When You Import a Python Package and It Is Empty

Recently, I have stumbled upon an apparently strange situation in which a non-empty Python package was empty after it got imported. Let’s take a close look at that issue because it may happen to anyone.

Our Package

The package is very simple:

└── __init__.py

It’s name (foo) does not collide with anything else in the system, and the __init__.py file contains just the following line:

x = 1

Let’s Import It

Let’s go into the directory in which foo is located and import it:

$ python3
>>> import foo

Great, the package was imported. Let’s try to access x:

>>> foo.x
Traceback (most recent call last):
  File "<stdin>", line 1, in <module>
AttributeError: module 'foo' has no attribute 'x'



That AttributeError is definitely unexpected. We know for sure that the foo package has attribute x, defined in its __init__.py file. Let’s see what does Python know about the module:

>>> print(foo)
<module 'foo' (namespace)>

Notice that (namespace) part. Instead, we would expect something like this:

>>> print(foo)
<module 'foo' from '/path/to/foo/__init__.py'>

What does namespace mean? To refresh your memory, Python 3 (more specifically, Python 3.3 or later) defines two types of packages: regular packages and namespace packages. Regular packages are the traditional ones that have existed in Python since its beginning. They are typically implemented as a directory containing an __init__.py file. On the other hand, namespace packages may have no physical representation on disk, and specifically have no __init__.py file. The rationale behind them is to allow developers to split sub-packages and modules within a single package across multiple, separate distribution packages. For example, you may have separate packages bar, bar-plugin-x, and bar-plugin-y that can be imported as follows:

import bar
import bar.plugins.x
import bar.plugins.y

Notice that the imports make it look like that everything is part of a single package (bar), but in reality, there are three separate namespace packages in play.

Why Is Foo a Namespace Package When There Is an __init__.py File?

Readers with a keen eye may have noticed that our foo package got marked as a namespace one even in the presence of an __init__.py file. Why is that? In my case, the user who was importing the package did not have sufficient permissions to access the contents of the foo directory. This can easily happen if you either install a package under user A and then run it under user B, or when the permissions on the directory or __init__.py file get messed up.

Why Has Python Raised AttributeError?

Because it was unable to read the __init__.py file, which contained the definition of x. The package was imported correctly, but it was pretty much empty.

Why Has Python Not Raised PermissionError?

Usually, when you try to import a module that you do not have sufficient permissions to, Python helpfully raises PermissionError:

>>> import baz
PermissionError: [Errno 13] Permission denied: '/path/to/baz.py'

Why has Python not raised PermissionError in our case, where the user who imports the package was unable to read the contents of the foo directory? To answer this question, we will need to take a look at the nitty-gritty details of Python’s import system.

Let’s start with a tip. If you run python3 with -v, its output will be more verbose. In our case, Python will print the following output when importing foo (notice the first line):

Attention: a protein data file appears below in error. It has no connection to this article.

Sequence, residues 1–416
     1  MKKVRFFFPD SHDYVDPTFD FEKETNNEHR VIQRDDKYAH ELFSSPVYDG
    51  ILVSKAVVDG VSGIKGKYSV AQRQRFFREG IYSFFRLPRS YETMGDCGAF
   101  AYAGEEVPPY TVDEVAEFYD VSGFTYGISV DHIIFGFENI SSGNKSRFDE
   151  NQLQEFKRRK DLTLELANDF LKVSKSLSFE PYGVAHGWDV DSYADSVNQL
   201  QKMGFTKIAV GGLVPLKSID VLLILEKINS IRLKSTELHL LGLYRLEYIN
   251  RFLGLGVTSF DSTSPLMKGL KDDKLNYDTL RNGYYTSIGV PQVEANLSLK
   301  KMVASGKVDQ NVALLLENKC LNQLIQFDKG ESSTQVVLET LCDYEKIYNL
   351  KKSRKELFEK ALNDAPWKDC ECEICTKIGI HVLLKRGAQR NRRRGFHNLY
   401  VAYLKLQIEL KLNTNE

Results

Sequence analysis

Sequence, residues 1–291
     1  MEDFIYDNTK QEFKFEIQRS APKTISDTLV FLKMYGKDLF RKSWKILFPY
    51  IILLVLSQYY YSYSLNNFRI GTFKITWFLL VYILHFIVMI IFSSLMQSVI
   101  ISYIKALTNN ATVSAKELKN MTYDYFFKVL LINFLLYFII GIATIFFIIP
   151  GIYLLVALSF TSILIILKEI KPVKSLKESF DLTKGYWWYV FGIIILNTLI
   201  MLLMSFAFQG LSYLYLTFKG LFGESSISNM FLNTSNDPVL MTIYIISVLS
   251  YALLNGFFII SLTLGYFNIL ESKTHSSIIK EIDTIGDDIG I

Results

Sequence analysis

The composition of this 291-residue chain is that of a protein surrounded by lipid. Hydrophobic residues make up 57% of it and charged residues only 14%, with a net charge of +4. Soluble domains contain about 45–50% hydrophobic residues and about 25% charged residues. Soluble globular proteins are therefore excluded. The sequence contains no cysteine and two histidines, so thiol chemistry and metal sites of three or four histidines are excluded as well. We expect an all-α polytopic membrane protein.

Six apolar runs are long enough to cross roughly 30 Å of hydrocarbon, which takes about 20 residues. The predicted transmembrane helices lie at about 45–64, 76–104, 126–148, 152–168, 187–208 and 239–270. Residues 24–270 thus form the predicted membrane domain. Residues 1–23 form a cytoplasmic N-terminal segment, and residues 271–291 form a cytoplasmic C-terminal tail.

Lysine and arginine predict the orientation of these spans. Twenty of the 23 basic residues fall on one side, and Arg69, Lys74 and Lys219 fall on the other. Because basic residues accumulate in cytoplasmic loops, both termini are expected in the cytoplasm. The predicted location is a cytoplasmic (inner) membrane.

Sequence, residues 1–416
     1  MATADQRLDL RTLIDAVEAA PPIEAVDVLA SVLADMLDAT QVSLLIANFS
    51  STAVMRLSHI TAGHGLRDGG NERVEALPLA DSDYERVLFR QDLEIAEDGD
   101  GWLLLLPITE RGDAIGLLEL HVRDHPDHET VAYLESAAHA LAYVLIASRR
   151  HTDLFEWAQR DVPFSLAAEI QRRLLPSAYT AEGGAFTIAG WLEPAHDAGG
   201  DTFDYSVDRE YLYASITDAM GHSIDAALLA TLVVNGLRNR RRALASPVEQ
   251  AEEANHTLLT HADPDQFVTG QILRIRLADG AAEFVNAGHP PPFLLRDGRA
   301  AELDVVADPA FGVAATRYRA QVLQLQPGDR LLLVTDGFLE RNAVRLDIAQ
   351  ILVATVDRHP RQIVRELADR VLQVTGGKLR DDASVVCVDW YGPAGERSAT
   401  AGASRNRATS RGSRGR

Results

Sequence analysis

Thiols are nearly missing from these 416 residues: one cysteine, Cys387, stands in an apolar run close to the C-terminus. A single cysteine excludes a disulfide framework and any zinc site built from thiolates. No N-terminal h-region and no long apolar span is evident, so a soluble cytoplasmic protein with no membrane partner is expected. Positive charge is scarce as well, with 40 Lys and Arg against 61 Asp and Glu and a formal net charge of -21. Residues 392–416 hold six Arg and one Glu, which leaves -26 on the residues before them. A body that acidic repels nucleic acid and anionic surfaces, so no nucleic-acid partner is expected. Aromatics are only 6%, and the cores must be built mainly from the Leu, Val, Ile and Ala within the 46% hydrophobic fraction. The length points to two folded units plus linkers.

# possible namespace for /path/to/foo
import 'foo' # <_frozen_importlib_external._NamespaceLoader object at 0x7f949e7a4550>

Now, let’s take a look at how Python decides whether a package is regular or namespace. In Lib/importlib/_bootstrap_external.py, there is the following piece of code in FileFinder.find_spec():

1439   # Check if the module is the name of a directory (and thus a package).
1440   if cache_module in cache:
1441       base_path = _path_join(self.path, tail_module)
1442       for suffix, loader_class in self._loaders:
1443           init_filename = '__init__' + suffix
1444           full_path = _path_join(base_path, init_filename)
1445           if _path_isfile(full_path):             # <-----
1446               return self._get_spec(...)
1447       else:
1450           is_namespace = _path_isdir(base_path)   # <-----
1459   if is_namespace:
1460       _bootstrap._verbose_message('possible namespace for {}', base_path)

On line 1445, Python checks if path/to/foo/__init__.py is a file by calling _path_isfile() on it. This function is defined as follows:

def _path_isfile(path):
    return _path_is_mode_type(path, 0o100000)

def _path_is_mode_type(path, mode):
        stat_info = _path_stat(path)
    except OSError:                     # <-----
        return False
    return (stat_info.st_mode & 0o170000) == mode

Since we do not have permissions to read the contents of path/to/foo, _path_stat() raises PermissionError. However, PermissionError inherits from OSError, and so the exception gets swallowed by the except block. Thus, _path_is_mode_type() returns False, and so the path does not qualify for a regular package. Then, after the for loop on line 1442 exhausts all the possible __init__ suffixes (such as .py), it goes to the else clause on line 1447. In there, it checks if the package is a namespace one by calling _path_isdir() on path/to/foo, which simply checks if the path is a directory. It is, so it sets is_namespace to True, and the package is considered to be a namespace one. Then, on line 1460, the verbose message that we saw earlier gets printed.


When the contents of an imported package seem off, apart from checking that you have imported the correct package, also verify whether you have sufficient permissions, both to the package and its subdirectories and files.


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